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Gaining a Political Voice Via Religion

Faith and personal convictions can help immigrants fight for equality in the U.S., says a USC College sociologist.

By Eddie North-Hager
February 1, 2007

Gaining a Political Voice Via Religion

When millions moved out of the shadows and marched for immigrant rights last year, the nation was shocked that these people of little means from different countries could organize so effectively.

But USC College sociology professor Pierrette Hondagneu-Sotelo was not surprised. She had been studying Latino immigrants for two decades and knew one of the unifying factors that could make such an impressive social movement possible – religion.

“There’s a reason it’s called faith: People who bring their religious convictions seem to succeed despite the odds,” said Hondagneu-Sotelo, whose last book was Doméstica: Immigrant Workers Cleaning and Caring in the Shadows of Affluence (University of California Press, 2001).

Hondagneu-Sotelo had been meeting with a group of social scientists for three years to discuss religion and immigration. The group, created through the USC Center for Religion and Civic Culture and the Pew Charitable Trusts, discussed how religion defines, affects and is incorporated into the immigrants’ fight for equality in human rights, culture and economics.

The results are documented in Religion and Social Justice for Immigrants (Rutgers University Press, 2007), a new book featuring 13 essays.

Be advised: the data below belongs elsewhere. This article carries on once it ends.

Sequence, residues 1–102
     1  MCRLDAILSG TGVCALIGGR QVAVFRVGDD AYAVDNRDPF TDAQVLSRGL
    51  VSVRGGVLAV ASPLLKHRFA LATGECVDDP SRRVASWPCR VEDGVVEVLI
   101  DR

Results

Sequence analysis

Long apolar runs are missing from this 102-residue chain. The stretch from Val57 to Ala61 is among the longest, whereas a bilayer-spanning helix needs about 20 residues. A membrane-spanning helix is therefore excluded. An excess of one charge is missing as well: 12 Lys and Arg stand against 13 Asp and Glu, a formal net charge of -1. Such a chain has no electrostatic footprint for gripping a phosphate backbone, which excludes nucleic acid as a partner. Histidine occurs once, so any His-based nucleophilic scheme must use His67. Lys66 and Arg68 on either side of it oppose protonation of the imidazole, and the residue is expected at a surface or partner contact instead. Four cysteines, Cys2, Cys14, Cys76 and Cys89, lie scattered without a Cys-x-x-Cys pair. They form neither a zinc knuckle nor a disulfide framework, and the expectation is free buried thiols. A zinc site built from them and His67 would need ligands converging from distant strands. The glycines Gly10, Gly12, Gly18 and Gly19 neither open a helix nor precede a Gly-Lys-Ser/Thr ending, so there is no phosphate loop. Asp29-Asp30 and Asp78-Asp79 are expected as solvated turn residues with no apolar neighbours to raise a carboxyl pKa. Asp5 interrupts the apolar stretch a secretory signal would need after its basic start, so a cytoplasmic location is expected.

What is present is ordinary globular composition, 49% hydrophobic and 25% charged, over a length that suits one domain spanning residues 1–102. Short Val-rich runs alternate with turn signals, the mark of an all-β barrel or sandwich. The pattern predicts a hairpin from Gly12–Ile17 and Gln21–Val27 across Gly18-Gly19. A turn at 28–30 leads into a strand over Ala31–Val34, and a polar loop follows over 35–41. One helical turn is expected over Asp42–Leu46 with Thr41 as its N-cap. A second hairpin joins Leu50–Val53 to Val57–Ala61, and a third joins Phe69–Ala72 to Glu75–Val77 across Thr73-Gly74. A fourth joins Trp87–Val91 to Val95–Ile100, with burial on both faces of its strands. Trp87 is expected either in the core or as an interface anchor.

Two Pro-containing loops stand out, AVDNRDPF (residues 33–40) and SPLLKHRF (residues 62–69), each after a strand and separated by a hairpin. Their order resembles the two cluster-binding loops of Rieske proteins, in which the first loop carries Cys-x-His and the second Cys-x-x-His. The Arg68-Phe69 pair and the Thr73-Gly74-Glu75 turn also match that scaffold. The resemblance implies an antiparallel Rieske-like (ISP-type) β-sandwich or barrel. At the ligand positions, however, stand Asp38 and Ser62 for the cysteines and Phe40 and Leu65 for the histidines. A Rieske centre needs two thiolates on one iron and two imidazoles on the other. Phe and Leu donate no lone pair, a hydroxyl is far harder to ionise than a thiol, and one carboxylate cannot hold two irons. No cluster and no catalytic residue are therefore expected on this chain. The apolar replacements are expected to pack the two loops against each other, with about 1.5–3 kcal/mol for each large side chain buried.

While the religious right’s stand against things like abortion and gay rights often grab more attention, Hondagneu-Sotelo said that there are various creeds that aid immigrants by pushing for a more inclusive social agenda.

“The book points to liberal and progressive religions that are more humane and responsive than the xenophobia of our times,” she said.

For example, the Roman Catholic Archdiocese of Los Angeles was one of the groups to call for the march that brought 500,000 people to the streets of Los Angeles in May, Hondagneu-Sotelo pointed out.

In an essay she co-authored, the sociologist writes about witnessing interfaith groups that demonstrated together for border crossing rights involving the United States and Mexico.

A separate chapter by USC political science professor Janelle Wong and USC religion professor Jane Iwamura looks at the mix of evangelism and political activism within Asian American communities where those who attend religious services are more likely to become citizens and vote.

And USC anthropologist Janet Hoskins documents Caodaism, a new religious movement practiced mainly by the Orange County Vietnamese community that promotes religious unity and interracial harmony.